This approach, however, wasn’t very popular among researchers. They weren’t motivated to respond to long questions about their data management strategy, where a lot of information had to be copied from somewhere else, and they didn’t see the real benefit of doing this.

To respond to this feedback, colleagues from the RDM team made a lot of changes in the tool to make it more useful for researchers: 

  1. Substantially limited the number of questions asked in a DMP
  2. Changed all the open text fields into lookup, multiple-choice or checkbox questions, in order to allow for structured responses
  3. Structured responses allowed integrations, which brought actionability to DMPs and provided tangible benefits to researchers.

So what does the Research Data Manager Tool do?

The tool has 20 very easy to answer data management questions (all are lookup fields, checkboxes, radio buttons). By replying to these questions, researchers get free 1TB of storage (capacity can be extended through the tool), which is backed up and maintained by the University. The game-changer was that the storage which researchers could request through the tool allowed them to easily collaborate online with other researchers (authentication through edugain allows easy collaboration with people from 300+ universities worldwide). 

As soon as the researcher responds to the questions, the request for project storage space is immediately pushed to their supervisor for approval, and subsequently, a dedicated project space is created. Altogether, it only takes about 15 mins for researchers to receive their allocated storage.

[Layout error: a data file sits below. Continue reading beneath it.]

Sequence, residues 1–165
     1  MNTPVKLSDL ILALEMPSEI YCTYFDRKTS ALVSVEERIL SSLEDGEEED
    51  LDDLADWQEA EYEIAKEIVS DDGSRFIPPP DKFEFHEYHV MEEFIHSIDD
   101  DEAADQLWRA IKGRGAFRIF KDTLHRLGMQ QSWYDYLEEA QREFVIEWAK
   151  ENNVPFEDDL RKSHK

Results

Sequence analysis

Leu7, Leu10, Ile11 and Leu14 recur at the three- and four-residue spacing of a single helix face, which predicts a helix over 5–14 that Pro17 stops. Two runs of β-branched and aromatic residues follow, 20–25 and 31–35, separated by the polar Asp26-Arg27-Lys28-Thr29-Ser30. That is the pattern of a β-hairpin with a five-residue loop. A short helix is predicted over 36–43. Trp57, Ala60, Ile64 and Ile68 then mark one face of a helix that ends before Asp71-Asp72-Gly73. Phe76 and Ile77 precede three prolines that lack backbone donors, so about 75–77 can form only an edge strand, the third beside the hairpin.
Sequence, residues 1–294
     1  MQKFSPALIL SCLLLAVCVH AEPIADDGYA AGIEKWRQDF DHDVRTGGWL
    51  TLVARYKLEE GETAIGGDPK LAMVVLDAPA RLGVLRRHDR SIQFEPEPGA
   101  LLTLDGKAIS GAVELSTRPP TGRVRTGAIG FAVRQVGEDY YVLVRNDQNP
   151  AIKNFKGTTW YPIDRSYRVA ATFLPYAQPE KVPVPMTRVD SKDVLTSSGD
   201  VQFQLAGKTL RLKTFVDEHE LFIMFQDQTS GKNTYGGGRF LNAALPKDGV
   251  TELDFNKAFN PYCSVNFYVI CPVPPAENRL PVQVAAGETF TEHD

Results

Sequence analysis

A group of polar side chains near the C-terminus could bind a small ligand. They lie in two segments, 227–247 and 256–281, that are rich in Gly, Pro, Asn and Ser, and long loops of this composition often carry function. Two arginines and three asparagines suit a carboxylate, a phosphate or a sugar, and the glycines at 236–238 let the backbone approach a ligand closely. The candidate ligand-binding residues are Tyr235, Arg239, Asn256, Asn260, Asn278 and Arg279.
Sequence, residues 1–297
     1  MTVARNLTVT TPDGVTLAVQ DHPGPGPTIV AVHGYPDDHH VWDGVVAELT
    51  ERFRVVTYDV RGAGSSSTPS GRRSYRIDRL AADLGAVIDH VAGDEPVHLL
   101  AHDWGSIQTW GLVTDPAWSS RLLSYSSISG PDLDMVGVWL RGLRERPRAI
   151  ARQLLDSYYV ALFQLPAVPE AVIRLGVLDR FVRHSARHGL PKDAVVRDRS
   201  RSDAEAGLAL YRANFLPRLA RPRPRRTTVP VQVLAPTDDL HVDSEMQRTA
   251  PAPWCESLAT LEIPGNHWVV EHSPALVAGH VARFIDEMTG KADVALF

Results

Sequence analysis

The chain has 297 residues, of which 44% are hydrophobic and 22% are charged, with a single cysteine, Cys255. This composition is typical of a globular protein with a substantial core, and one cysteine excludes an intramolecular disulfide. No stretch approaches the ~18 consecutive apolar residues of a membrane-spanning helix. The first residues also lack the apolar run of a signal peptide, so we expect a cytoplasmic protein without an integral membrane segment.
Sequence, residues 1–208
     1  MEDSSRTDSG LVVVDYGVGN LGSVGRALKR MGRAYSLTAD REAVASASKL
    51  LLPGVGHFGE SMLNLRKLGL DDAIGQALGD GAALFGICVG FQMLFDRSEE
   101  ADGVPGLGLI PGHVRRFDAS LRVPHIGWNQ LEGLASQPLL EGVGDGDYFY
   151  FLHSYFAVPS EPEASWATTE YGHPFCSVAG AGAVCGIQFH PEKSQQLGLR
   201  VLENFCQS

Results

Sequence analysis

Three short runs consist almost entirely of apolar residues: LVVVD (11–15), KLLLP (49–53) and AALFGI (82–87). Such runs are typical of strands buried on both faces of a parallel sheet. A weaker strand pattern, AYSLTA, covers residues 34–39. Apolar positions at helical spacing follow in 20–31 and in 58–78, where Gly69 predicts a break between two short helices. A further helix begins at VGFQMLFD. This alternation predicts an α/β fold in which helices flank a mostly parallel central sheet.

It is all in integrations

The key principles behind the tool are simplicity and integrations. I was impressed to see how many integrations the tool had already in place. In addition to integrations with storage and authentication systems, the tool also has a direct connection with the university finance and ethics application systems. What it means is that when a researcher logs in to the tool and indicates that their project has been externally funded, they can look up their project info coming from the finance system and auto-populate the relevant fields in the RDM tool. Similarly, if a researcher indicates that they will be working with personal research data, some additional questions will appear, including a question about ethics approval. But again, instead of duplicating the information, both the ethics tool and the RDM tool are connected. If a researcher has already started an ethics application, they can look it up in the RDM tool instead of copy-pasting the content.